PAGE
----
In light of these two paragraphs, one wonders how NFL logos in the sanctuary would be “respectful of traditional inconography” or how they would “inspire contemplation and devotion.”
The GIRM states:
“Thus, in sacred buildings, images of the Lord, of the Blessed Virgin Mary, and of the Saints, in accordance with most ancient tradition of the Church, should be displayed for veneration by the faithful and should be so arranged so as to lead the faithful toward the mysteries of faith celebrated there” (No. 318).
In summary, churches should display sacred, not profane, images.
What were Clown Masses?
Q. I am not old enough to have attended Mass during what my parents tell me were the crazy days of the 1970s. I have heard about the “clown Mass,” but I was told that they never actually happened. First, what were they, supposedly, and did they actually take place?
Name withheld, via e-mail
A. Nobody who loved Jesus was “clowning around” at the foot of the cross the day Jesus died. When ministers dress as clowns during the Mass, it suggests that they do not realize what is taking place at the Mass: the re-presentation of the death of Christ on the cross in an unbloody manner. It’s deadly serious business, and not the place for clowning around. I was born in 1959, so I am old enough to remember the crazy days in the wake of the Second Vatican Council and liturgical reform. Thankfully, things have settled down quite a bit just about everywhere, and good, sober, supernatural liturgical sense prevails in most places.
What was a “clown Mass”? You can see pictures for yourself by googling that term on the Internet. But brace yourself, because the pictures can be disturbing. As for myself, I have only once seen clowns at a Mass, and that was several years ago in Mexico City while visiting the Shrine of Our Lady of Guadalupe, the national shrine for all of Mexico and the Patroness of the Americas. On that day, the national association of clowns came to Guadalupe for their annual pilgrimage and Mass. Understandably, they dressed in their uniforms — as clowns — but did not enter the sanctuary to perform any of the sacred rituals or carry out any of the liturgical ministries. The next day was the annual pilgrimage of firefighters and, as expected, they too dressed in their uniforms.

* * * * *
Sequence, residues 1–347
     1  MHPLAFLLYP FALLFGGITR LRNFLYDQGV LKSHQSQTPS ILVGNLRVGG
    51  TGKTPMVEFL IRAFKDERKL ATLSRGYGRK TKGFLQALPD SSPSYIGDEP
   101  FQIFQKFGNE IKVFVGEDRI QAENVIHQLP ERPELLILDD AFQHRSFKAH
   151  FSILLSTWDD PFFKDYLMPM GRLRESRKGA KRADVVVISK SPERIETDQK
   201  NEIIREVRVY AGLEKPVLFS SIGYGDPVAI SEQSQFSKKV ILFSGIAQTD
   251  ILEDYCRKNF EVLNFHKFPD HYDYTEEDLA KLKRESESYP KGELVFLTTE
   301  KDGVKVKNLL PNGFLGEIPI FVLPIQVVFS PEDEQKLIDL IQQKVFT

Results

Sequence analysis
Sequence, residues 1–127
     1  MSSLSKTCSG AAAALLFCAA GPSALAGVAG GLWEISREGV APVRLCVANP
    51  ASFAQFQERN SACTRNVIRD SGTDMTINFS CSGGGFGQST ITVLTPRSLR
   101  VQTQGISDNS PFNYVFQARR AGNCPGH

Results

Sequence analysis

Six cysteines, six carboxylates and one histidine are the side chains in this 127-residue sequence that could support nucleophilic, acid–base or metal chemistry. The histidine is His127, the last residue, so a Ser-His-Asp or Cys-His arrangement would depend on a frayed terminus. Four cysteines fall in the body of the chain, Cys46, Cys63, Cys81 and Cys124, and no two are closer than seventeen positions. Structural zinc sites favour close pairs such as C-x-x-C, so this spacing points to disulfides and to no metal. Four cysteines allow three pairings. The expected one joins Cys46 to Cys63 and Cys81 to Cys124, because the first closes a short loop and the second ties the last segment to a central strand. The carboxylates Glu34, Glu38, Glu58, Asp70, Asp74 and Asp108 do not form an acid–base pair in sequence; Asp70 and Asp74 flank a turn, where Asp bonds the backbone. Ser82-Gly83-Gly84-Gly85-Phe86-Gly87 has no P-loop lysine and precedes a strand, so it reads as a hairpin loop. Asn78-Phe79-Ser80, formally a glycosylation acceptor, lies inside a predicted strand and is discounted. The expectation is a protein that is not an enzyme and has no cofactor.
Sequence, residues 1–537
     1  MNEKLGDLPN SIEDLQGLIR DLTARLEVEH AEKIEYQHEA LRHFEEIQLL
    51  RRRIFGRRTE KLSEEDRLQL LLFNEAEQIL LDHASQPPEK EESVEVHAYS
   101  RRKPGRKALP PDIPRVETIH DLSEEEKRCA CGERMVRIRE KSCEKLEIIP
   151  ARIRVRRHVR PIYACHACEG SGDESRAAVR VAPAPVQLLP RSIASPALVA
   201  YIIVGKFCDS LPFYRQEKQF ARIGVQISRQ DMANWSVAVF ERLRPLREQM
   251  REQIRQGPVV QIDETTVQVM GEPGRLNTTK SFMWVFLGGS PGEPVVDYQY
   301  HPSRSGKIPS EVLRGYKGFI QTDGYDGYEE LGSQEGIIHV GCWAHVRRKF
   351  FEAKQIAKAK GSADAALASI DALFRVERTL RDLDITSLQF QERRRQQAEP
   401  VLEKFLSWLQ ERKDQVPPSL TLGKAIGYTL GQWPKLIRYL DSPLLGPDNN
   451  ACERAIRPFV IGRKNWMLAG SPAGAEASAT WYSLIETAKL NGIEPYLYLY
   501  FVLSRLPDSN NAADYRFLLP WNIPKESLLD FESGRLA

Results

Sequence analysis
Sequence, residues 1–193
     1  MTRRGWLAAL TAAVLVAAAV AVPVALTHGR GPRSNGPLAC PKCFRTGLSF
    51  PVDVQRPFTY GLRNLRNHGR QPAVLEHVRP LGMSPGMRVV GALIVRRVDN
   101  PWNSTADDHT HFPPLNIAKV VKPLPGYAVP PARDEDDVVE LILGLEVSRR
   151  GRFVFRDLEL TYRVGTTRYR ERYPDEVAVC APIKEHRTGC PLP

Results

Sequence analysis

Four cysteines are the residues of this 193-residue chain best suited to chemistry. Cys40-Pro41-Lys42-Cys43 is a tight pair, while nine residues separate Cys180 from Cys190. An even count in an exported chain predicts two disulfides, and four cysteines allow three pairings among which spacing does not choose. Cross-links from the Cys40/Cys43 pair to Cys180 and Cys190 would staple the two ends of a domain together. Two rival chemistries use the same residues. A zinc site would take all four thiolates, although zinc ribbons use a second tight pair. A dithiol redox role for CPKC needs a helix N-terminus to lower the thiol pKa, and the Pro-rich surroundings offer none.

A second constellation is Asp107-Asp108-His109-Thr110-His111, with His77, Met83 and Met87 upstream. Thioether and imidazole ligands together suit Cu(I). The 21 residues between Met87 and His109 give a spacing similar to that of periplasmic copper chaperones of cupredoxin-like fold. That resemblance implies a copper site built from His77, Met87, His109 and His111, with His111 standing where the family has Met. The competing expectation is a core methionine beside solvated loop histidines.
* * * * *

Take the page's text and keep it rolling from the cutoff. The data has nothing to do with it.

But the notion of a clown Mass belongs to the category of “Liturgical Creativity in Search of Relevance,” and under this title you could include any liturgical effort or innovation beyond both the bounds of the rubrics and the bounds of good pious common sense. I can understand the need to find meaning in life, and meaning in the liturgy. For that reason I will share a story about how the cross really brings the deepest meaning to liturgy, and not externals such as the music, the dancing, the incense, the ministers, or the decorations — all of which often reveal a rather shallow understanding of the mystery of the Cross and what the Mass is.
Some years ago a high school student confided to the chaplain of his school that he found the Sunday Mass at his parish tedious and boring. The priest suggested that the following Sunday he should change his ordinary routine and this time dress up for Mass, walk to Mass, sit in the front pew and toss in all the money he had in his wallet during the offertory collection, and then report back to him the following Monday. The young man did just that. He admitted that even though the music was bad, the church architecture confusing and that the sermon seemed aimless, it was the best Mass he had ever attended. Why? Because at that Mass he made a generous and personal sacrifice for Jesus Christ. And it is precisely that generous and personal sacrifice for Christ that helps us pierce through the externals and find God.
Old Testament Saints?
Q. Is it true that the Eastern churches recognize some of the figures of the Old Testament as saints? If so, why? And can Latin-rite Catholics venerate them also? Who are they?
Name withheld by request, via e-mail
A. It is true that some Eastern churches recognize some of the figures of the Old Testament as “saints” with feast days in their honor, but that does not mean that the Latin rite does not recognize them as saints, too, even if we do not add the title saint before their name. You will recall that a saint is any human being that has made it to heaven, whether they have been canonized and declared a saint by the Church or not, and whether they have a feast day in the liturgical calendar to commemorate them or not. So, yes, Latin-rite Catholics can venerate Old Testament saints, too. In fact, we do so in a few, but limited, places in the liturgy.
Some of the great figures of the Old Testament are commemorated in the Melkite-rite liturgical calendar, including Malachi, Zechariah, Job, Amos, Ezekiel, Eleazar, the Seven Holy Maccabees, Joshua, Moses, Hosea, Daniel and the Three Holy Youths.
The Latin-rite liturgy does honor some Old Testament figures, without calling them saints, such as Melchizedek and Abraham in the first Eucharistic prayer, and then Abraham, David and all the Holy Patriarchs in the Litany of the Saints.
Rev. Francis Hoffman, J.C.D., Executive Director of Relevant Radio. Follow him on his Facebook page “Father Rocky.”